I was struck by your recent comments on the Merge blog regarding your experience opening for Mumford and Sons. You are super complimentary of the band and its crew, and it sounds like the experience was overwhelmingly positive. But you acknowledge that they can “push people’s buttons” and that you went into those shows with some “trepidation.” Can you elaborate on why you felt that way? What happened to change your mind?
Well, I had some trepidation because I wasn't sure that their audience—which is quite large, as you can imagine—would enjoy our music. But I was wrong. Their audience was extremely welcoming to us. And I learned that Mumford and Sons—incidentally another band that is emotionally wide-open—attracts people that are attracted to that genuine spirit. So I learned something important there.
Related question: your music and your message are so inclusive, but the scene in which your band (and this blog) traffics – I’ll call it independent music for simplicity – is often extremely clique-ish. It is cloistered and sometimes hard to access. Like it or not, the fact that not everyone listens to certain music is precisely what makes it hip. Do you want to make yourself open to more mainstream audiences? Is it important to maintain the cachet, or the hipness, of an indie rock band? Have you given any thought to how you might accomplish both?
The hippest thing I could hope to see as an audience member is a musician that is wholly confident and convinced of the worth of what they're doing, regardless of how many people are in the audience and what they might think of them. I think that my music has the potential to resonate across large swaths of people because I am singing questions that so many of us ask ourselves and one another. I don't have any answers, but the asking is important.
Your question suggests—unintentionally, I think—that an artist can't appeal to mainstream audiences and be cutting edge or quote-unquote hip. But it's possible to do it all if your primary motivation, as an artist, is to do it from the heart. Then nothing else really matters very much. And it's all secondary to what I'm trying to do, which is make songs about things that matter to me, songs that I myself am proud of.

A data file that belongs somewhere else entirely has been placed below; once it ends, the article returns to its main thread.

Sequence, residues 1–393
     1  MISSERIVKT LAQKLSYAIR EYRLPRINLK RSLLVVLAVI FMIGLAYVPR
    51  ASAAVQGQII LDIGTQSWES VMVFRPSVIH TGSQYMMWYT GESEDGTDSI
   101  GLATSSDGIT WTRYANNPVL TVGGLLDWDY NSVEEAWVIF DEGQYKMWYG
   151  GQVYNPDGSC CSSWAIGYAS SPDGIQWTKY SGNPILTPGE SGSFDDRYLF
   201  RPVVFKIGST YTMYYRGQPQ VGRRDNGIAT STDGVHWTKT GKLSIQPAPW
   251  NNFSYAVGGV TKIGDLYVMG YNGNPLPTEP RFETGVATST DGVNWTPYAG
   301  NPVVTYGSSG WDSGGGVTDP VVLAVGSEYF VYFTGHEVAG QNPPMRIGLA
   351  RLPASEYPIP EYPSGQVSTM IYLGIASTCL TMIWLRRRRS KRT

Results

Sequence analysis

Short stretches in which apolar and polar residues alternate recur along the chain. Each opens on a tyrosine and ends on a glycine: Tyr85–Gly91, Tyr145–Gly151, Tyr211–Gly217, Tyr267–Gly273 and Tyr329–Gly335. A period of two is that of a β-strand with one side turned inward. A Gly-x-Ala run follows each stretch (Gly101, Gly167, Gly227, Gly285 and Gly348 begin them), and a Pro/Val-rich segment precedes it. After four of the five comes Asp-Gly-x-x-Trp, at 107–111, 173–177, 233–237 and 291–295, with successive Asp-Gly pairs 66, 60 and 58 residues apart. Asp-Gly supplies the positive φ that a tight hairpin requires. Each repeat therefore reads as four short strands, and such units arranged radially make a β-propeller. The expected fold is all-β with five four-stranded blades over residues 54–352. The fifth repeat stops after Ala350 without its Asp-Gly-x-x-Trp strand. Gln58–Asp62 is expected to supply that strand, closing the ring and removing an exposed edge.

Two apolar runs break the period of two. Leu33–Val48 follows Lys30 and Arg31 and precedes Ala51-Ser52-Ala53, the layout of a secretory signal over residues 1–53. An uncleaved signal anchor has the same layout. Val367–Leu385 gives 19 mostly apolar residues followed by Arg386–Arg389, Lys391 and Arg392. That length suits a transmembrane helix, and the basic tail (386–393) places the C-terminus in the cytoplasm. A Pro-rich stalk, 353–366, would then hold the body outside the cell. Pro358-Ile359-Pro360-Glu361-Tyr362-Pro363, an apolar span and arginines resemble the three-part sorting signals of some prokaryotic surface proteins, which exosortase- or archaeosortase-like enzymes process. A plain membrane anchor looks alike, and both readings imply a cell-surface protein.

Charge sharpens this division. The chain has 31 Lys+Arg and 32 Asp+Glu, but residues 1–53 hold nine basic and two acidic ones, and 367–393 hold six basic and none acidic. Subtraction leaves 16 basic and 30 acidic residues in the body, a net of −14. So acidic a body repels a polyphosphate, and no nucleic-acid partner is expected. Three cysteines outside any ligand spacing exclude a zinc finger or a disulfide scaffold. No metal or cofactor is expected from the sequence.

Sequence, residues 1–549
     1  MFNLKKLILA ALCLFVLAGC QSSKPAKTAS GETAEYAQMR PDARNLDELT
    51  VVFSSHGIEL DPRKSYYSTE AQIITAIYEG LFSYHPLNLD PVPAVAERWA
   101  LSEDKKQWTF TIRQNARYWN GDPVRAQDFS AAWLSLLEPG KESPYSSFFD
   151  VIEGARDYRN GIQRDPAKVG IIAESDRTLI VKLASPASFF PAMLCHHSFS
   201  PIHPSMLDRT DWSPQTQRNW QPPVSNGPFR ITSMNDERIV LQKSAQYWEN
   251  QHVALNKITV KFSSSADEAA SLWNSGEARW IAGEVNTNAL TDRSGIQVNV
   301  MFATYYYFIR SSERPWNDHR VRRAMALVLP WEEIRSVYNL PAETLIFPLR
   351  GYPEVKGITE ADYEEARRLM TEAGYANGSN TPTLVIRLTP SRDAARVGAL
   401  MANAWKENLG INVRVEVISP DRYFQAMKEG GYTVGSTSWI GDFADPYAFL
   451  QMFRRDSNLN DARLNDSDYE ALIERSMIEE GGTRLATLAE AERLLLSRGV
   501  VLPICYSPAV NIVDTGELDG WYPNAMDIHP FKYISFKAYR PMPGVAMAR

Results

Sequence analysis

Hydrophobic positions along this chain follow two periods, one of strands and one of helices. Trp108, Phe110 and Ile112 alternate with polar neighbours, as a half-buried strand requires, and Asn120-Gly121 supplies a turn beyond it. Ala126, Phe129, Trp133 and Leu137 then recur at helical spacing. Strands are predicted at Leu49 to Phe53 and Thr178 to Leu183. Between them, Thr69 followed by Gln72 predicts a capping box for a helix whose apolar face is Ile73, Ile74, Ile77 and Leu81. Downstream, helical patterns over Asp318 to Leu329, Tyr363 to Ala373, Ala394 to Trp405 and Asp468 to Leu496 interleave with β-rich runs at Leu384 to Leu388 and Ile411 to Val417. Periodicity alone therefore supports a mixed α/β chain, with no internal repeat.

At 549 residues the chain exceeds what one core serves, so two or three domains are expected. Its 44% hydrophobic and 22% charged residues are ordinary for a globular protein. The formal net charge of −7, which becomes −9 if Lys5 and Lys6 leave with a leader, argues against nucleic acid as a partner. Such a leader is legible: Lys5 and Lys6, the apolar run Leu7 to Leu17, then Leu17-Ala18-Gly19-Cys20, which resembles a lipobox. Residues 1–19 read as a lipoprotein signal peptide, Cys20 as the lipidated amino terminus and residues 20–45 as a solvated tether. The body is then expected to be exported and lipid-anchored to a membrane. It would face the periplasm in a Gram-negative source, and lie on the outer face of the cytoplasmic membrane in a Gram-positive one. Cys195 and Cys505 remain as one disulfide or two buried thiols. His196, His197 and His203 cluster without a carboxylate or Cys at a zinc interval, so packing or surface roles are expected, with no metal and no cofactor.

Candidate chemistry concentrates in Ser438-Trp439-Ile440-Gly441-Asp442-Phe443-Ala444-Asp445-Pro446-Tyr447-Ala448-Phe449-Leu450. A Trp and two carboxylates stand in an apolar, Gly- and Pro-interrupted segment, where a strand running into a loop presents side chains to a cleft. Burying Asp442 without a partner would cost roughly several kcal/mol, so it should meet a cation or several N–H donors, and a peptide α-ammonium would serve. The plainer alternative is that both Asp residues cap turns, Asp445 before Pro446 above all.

Do I like music on the fringes? Of course. I also like mainstream music too. None of it is meant to be used as a way to erect barriers.
You’ve played Charlotte a decent number of times, both solo and with the band. Have you been able to get out and see any of the city? What do you like about Charlotte?
For all the times that I've been through Charlotte, I've never had a chance to truly explore the city. What do you or your readers suggest I do? I've always wanted to go to The Mint Museum.
EDITOR’S NOTE: We recommended Green’s Hot Dogs, La Shish Kabob, and Lang Van for food. Portrero’s Western Wear for boots. The Mint Museum and The Bechtler for art. And the Thirsty Beaver for the jukebox.
Last question: you reference Sisters of Mercy in “John the Gun.” And - did you happen to discuss that band with John Darnielle? Or is it a coincidence of cosmic proportions that both you and he released albums with songs referencing Sisters of Mercy in the same year for the same record label?
That's funny. I have talked to John about a lot of things, but not the Sisters of Mercy. Pure coincidence, I guess.
Did you go through a Goth phase growing up?
Didn't everyone have a goth phase? I might not even be totally out of mine.